Coccidia-induced mucogenesis promotes the onset of necrotic enteritis by supporting Clostridium perfringens growth

C. T. Collier, C. L. Hofacre, A. M. Payne, D. B. Anderson, P. Kaiser, R. I. Mackie, H. R. Gaskins

Research output: Contribution to journalArticlepeer-review


This study tested the hypothesis that a host mucogenic response to an intestinal coccidial infection promotes the onset of necrotic enteritis (NE). A chick NE model was used in which birds were inoculated with Eimeria acervulina and E. maxima and subsequently with Clostridium perfringens (EAM/CP). A second group of EAM/CP-infected birds was treated with the ionophore narasin (NAR/EAM/CP). These groups were compared to birds that were either non-infected (NIF), or infected only with E. acervulina and E. maxima (EAM), or C. perfringens (CP). The impact of intestinal coccidial infection and anti-coccidial treatment on host immune responses and microbial community structure were evaluated with histochemical-, cultivation- and molecular-based techniques. Barrier function was compromised in EAM/CP-infected birds as indicated by elevated CFUs for anaerobic bacteria and C. perfringens in the spleen when compared to NIF controls at day 20, with a subsequent increase in intestinal NE lesions and mortality at day 22. These results correlate positively with a host inflammatory response as evidenced by increased ileal interleukin (IL)-4, IL-10 and IFN-γ RNA expression. Concurrent increases in chicken intestinal mucin RNA expression, and goblet cell number and theca size indicate that EAM/CP induced an intestinal mucogenic response. Correspondingly, the growth of mucolytic bacteria and C. perfringens as well as α toxin production was greatest in EAM/CP-infected birds. The ionophore narasin, which directly eliminates coccidia, reduced goblet cell theca size, IL-10 and IFN-γ expression, the growth of mucolytic bacteria including C. perfringens, coccidial and NE lesions and mortality in birds that were co-infected with coccidia and C. perfringens. Collectively the data support the hypothesis that coccidial infection induces a host mucogenic response providing a growth advantage to C. perfringens, the causative agent of NE.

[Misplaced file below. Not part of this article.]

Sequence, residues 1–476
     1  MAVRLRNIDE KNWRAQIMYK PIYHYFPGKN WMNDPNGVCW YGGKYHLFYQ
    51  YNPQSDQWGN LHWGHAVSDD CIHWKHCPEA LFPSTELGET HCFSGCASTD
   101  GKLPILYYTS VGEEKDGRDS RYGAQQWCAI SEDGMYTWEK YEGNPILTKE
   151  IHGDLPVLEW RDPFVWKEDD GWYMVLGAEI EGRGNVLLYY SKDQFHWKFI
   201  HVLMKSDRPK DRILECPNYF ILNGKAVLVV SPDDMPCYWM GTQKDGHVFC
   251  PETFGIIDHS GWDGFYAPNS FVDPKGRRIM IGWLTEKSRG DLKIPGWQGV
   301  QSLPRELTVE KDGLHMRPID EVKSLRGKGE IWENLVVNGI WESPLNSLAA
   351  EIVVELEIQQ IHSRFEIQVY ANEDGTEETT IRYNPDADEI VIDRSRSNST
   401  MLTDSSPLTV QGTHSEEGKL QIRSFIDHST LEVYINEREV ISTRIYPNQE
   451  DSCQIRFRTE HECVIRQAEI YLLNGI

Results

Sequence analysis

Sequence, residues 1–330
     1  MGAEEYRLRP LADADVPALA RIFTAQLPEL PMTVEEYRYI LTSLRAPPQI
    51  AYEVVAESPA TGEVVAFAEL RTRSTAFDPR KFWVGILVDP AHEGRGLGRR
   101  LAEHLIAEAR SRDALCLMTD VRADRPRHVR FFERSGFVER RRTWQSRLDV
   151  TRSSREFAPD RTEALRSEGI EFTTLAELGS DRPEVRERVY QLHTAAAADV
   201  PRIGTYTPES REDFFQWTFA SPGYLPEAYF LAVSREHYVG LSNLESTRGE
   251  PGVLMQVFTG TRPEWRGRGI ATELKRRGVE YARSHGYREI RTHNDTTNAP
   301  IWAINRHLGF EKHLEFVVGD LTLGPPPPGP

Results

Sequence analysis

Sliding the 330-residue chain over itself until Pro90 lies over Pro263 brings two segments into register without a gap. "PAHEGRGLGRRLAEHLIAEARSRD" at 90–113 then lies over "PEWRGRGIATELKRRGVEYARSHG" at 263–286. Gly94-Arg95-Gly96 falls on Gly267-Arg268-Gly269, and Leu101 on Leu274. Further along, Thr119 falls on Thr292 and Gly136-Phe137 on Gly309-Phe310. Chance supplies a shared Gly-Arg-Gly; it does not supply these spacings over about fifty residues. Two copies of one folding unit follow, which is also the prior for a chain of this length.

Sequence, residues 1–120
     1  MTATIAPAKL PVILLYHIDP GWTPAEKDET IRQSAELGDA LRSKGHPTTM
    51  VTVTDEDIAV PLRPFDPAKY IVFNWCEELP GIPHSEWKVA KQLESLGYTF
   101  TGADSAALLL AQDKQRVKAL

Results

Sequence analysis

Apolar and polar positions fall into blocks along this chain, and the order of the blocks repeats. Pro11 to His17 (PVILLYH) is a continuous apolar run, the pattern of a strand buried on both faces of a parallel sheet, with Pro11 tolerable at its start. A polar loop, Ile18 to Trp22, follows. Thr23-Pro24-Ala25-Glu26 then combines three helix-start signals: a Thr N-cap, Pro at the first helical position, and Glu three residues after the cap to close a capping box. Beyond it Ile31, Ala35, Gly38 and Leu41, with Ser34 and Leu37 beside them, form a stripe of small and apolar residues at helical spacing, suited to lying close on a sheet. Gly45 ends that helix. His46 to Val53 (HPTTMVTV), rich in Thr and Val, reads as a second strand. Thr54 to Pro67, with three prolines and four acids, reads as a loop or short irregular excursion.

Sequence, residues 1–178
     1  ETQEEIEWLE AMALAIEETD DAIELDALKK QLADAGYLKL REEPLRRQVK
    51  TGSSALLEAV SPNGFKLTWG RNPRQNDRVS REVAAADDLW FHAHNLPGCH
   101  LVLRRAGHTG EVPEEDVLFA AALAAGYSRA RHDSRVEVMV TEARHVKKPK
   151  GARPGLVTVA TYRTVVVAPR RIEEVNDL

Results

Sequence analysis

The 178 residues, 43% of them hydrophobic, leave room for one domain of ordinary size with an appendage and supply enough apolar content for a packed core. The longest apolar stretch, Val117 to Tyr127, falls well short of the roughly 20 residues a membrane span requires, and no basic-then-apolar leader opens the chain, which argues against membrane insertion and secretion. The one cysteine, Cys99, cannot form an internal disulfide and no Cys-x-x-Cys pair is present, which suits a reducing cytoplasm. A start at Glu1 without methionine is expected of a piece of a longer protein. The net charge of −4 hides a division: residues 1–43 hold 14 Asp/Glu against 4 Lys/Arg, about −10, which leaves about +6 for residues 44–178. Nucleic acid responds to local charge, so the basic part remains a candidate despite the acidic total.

Original languageEnglish (US)
Pages (from-to)104-115
Number of pages12
JournalVeterinary Immunology and Immunopathology
Issue number1-2
StatePublished - Mar 15 2008


  • Clostridium perfringens
  • Coccidia
  • Mucus
  • Necrotic enteritis

ASJC Scopus subject areas

  • Immunology
  • General Veterinary


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